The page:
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Certain activities – such as building, tying, weaving, writing, dyeing and sewing – are not prohibited on Shabbat unless they are made to last. For example, one may tie a knot that is not tied in a professional manner and will be untied within seven days, such as shoelaces or the ribbon around the Torah scroll, on Shabbat afternoon. So too a safety pin may be used on Shabbat since it is not a form of permanent sewing. Similarly, writing or painting with fluid that fades away, or writing on a substance that does not retain script, is not a melachah in the Torah sense of the term (melachah de’oreita), though it is rabbinically prohibited (melachah derabbanan).
When do the above activities become permanent and, therefore, a melachah de’oreita? According to the Rambam, if the product lasts throughout Shabbat it is a melachah de’oreita. According to Rashi, however, it must have the ability to last forever.
May one build a structure on Shabbat if one intends to take it apart on Shabbat shortly after its use? This question is debated between two sages in the Jerusalem Talmud. Rabbi Yosi Bar Nun maintains that it is prohibited because the Mishkan itself, from which we derive the 39 melachot, was a temporary structure. Rabbi Yosah disagrees. He maintains that it is permitted because in his view the Mishkan was, in the eyes of the people, a permanent structure. They never knew when God would require them to move on and until such time they lived their lives in a state of permanence.
Whereas the Jerusalem Talmud rules in accordance with the first view, the Babylonian Talmud rules in accordance with the second and maintains that this type of structure is not considered a melachah at all. The debate is picked up by Rishonim and Acharonim in connection with the construction of a provisional tent on Shabbat. According to the Rif, this is a melachah de’oreita. According to the Rambam, it is a melachah derabbanan. And according to Rashi and the Rosh, constructing a provisional tent is permissible in the first place.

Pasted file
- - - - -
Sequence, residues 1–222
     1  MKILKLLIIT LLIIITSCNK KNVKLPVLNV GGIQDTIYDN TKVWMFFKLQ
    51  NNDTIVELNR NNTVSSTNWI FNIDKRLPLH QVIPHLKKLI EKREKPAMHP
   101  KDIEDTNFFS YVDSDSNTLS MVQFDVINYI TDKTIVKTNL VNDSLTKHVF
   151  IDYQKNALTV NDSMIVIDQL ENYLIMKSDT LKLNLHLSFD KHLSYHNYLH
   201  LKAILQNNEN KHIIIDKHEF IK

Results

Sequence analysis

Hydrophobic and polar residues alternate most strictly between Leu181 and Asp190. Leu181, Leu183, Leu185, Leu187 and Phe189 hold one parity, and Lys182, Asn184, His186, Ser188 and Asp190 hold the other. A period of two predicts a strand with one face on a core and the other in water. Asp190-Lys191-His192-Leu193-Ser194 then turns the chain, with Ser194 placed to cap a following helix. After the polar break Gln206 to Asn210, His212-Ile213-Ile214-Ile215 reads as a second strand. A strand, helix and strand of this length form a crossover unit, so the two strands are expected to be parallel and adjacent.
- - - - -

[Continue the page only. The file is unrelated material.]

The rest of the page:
Based on the above authorities who prohibit the construction of a provisional tent on Shabbat, the Noda Beyehudah considered the opening of an umbrella on Shabbat a melachah de’oreita and prohibited its use in his community, even if opened before Shabbat, because onlookers would think it was opened on Shabbat (marit ayin).
Conversely, basing himself on the authorities who permit the construction of a provisional tent on Shabbat, the Chatam Sofer maintains that using an umbrella on Shabbat is not even a melachah derabbanan and he did not object to it in his community in the presence of an eruv.
The consensus of opinion among today’s poskim prohibits the use of an umbrella on Shabbat even in the presence of an eruv. The Chofetz Chaim prohibits it because, irrespective of its temporary nature, it is intended to be used as a tent for protection against the elements. The Chazon Ish prohibits it because it makes Shabbat look like a working day. Rav Ovadia Yosef, after summarizing all the authorities for and against, sides with the authorities who prohibit it.